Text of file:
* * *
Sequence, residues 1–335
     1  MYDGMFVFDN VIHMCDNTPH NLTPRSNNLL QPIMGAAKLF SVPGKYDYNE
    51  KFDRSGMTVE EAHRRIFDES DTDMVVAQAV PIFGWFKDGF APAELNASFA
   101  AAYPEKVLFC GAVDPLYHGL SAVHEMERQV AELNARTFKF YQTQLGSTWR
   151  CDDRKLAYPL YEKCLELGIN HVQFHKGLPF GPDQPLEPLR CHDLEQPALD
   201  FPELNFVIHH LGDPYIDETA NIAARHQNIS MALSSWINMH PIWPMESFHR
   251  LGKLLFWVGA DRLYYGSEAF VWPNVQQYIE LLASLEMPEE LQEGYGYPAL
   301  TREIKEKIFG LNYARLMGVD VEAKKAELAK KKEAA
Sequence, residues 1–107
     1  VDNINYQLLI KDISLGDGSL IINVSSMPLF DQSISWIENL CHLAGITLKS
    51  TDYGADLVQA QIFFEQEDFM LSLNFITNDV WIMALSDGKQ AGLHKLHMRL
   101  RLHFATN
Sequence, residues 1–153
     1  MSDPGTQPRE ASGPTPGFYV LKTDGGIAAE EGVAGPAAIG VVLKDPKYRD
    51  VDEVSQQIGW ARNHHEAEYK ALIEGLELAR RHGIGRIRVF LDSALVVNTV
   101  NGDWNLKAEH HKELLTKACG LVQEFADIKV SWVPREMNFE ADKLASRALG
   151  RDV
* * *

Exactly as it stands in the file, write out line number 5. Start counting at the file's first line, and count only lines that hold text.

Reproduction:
   151  CDDRKLAYPL YEKCLELGIN HVQFHKGLPF GPDQPLEPLR CHDLEQPALD